Q: What is the weather like in Stockholm?

A: The weather you will find in Stockholm depends entirely on when you go, since the city definitely has seasons. Although this northern nation is not that far from the Arctic Circle, you'll find that the proximity to water works wonders to soften the climate.

The average temperature in the summer months is above 60 degrees F, with lows in the 50s, and the days are long, with beautiful light. In April and May, as well as in September and October, it is cool but not too cold, with highs and lows some 10 to 20 degrees lower than in summer. Winter temperatures dip into the 20s, with snow.

Summer gets the most rain in Stockholm. Winter (November through March) gets the most snow.

Q: What is the currency in Stockholm?

A: Stockholm, like the rest of Sweden, uses the Swedish krona.

Q: How many airports are in Stockholm?

A: You'll find three airports in and around Stockholm. The small Stockholm Skavsta Airport, southwest of the city, is used by budget carriers like Ryanair. The main airport is the Stockholm Arlanda Airport, while the Bromma Airport is located to the west of the city. It is serviced only by a few airlines and primarily flies domestically.

  • Stockholm Arlanda Airport, Stockholm's main airport, is located 28 miles north of downtown Stockholm. It has two terminals dedicated to international flights and two dedicated to domestic flights. 

Q: How do you get from Arlanda to Stockholm Central Station?

A: You'll have several transportation options for getting from the Stockholm Arlanda Airport to the Stockholm Central Station. The fastest way to make the trip is by a train called the Arlanda Express. It leaves from the underground train station in the airport (follow the yellow signs to get there). Board the train and 20 minutes later you are in Stockholm Central Station. Purchase tickets in advance on the internet (although you won't be able to use the student discount) or from the yellow machines in the airport arrival hall.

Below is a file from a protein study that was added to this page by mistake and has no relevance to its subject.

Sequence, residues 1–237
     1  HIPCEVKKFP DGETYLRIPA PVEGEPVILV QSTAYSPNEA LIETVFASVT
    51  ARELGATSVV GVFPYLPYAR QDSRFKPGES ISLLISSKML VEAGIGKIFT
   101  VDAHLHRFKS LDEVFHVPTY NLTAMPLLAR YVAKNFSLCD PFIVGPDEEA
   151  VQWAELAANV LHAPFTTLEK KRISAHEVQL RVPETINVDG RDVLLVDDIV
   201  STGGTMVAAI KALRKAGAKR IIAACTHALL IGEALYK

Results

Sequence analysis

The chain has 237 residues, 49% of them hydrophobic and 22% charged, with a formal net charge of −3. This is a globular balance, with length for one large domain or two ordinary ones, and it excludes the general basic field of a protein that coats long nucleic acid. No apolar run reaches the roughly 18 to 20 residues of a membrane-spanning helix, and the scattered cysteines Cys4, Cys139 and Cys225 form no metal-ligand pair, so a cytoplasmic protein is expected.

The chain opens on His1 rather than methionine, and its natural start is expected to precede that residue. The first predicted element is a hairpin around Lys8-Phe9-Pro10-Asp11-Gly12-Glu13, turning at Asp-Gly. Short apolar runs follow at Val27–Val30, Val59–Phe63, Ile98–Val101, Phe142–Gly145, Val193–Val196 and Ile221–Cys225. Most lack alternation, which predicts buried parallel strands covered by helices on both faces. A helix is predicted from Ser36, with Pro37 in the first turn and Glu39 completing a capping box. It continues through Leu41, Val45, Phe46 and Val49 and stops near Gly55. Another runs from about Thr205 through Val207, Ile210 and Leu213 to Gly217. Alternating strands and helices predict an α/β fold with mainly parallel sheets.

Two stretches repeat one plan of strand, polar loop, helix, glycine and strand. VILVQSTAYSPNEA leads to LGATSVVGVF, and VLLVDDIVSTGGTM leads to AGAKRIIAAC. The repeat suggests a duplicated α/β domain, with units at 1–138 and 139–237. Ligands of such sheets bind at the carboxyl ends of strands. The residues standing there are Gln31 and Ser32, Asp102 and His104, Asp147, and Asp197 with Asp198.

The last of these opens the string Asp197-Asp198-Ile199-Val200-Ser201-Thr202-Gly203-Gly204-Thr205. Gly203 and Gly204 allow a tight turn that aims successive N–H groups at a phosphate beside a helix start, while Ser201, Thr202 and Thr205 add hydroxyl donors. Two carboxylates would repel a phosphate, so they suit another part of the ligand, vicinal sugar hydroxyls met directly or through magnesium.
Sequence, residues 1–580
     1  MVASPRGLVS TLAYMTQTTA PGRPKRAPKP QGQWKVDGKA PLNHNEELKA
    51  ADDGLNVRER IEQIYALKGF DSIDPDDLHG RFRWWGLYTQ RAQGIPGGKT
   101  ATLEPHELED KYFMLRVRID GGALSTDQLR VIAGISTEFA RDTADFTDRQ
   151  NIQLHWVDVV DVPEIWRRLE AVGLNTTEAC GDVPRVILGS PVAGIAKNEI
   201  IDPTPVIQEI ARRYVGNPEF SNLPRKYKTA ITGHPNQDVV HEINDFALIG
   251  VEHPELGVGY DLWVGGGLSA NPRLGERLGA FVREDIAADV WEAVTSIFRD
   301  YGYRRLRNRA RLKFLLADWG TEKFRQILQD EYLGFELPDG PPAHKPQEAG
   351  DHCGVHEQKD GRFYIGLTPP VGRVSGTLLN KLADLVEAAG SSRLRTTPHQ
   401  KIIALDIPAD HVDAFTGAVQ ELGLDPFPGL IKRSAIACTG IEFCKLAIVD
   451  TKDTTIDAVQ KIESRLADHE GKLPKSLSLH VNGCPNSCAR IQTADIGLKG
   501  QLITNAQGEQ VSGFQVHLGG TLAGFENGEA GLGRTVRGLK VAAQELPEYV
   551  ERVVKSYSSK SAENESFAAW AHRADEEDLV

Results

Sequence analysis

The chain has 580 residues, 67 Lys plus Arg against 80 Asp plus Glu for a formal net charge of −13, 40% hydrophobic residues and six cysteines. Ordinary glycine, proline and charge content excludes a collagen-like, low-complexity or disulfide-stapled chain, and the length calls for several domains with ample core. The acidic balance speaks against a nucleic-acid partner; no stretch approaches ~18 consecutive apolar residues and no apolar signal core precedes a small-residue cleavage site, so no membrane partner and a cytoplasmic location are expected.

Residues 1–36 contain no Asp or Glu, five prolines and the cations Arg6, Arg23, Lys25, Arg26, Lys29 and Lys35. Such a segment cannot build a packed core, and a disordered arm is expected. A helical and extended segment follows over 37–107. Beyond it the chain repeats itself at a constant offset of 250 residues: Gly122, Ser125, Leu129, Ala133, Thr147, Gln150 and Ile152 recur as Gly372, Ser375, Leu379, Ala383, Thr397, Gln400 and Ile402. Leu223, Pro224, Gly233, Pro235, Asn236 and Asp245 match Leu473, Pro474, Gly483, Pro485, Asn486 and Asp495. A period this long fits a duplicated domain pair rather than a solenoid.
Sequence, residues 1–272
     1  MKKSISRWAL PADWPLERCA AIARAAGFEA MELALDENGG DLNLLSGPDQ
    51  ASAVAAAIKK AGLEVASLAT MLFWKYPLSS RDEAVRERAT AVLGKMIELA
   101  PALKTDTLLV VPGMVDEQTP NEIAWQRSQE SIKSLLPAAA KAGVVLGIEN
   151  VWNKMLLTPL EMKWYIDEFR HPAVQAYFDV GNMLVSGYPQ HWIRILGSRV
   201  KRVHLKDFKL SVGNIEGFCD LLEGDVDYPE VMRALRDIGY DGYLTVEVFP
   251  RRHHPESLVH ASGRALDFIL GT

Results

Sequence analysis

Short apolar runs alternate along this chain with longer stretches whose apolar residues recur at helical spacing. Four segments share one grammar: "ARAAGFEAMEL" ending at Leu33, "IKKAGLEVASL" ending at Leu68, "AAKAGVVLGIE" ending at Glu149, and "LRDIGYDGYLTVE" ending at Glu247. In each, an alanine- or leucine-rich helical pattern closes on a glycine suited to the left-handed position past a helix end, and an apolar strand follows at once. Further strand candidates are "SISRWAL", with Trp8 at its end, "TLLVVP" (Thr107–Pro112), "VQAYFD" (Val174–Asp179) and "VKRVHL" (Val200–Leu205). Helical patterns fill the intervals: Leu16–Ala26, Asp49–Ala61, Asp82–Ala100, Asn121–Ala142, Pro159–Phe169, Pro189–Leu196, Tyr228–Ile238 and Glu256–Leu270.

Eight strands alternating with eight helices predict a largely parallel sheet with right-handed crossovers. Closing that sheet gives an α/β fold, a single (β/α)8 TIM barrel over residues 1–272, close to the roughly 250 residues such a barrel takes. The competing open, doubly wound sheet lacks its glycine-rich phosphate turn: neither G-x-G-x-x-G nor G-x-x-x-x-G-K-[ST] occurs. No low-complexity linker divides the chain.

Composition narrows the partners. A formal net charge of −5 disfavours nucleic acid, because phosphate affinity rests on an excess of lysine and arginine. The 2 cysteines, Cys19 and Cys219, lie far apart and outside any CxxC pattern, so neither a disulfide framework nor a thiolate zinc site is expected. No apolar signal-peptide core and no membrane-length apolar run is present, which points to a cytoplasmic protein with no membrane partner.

Another option is to take a shuttle bus (Flygbussarna) from Arlanda Airport to Stockholm Central Station. This is cheaper, but takes twice as long. Buses depart just outside the airport arrival hall. Take care to board the right one because there are shuttles heading to lots of places. You'll want the one to Stockholm City. No student discounts are available on the shuttle, but passengers under age 26 get a price break.

Q: What sea lies east of Stockholm?

A: Directly to the east of Stockholm lies the Baltic Sea. The city includes 14 islands off the coast that rise from its waters. Across the Baltic Sea from Stockholm are the nations of Estonia and Latvia.

About the Author

Teo Spengler earned a J.D. from U.C. Berkeley's Boalt Hall. As an Assistant Attorney General in Juneau, she practiced before the Alaska Supreme Court and the U.S. Supreme Court before opening a plaintiff's personal injury practice in San Francisco. She holds both an M.A. and an M.F.A in creative writing and enjoys writing legal blogs and articles. Spengler splits her time between French Basque Country and California.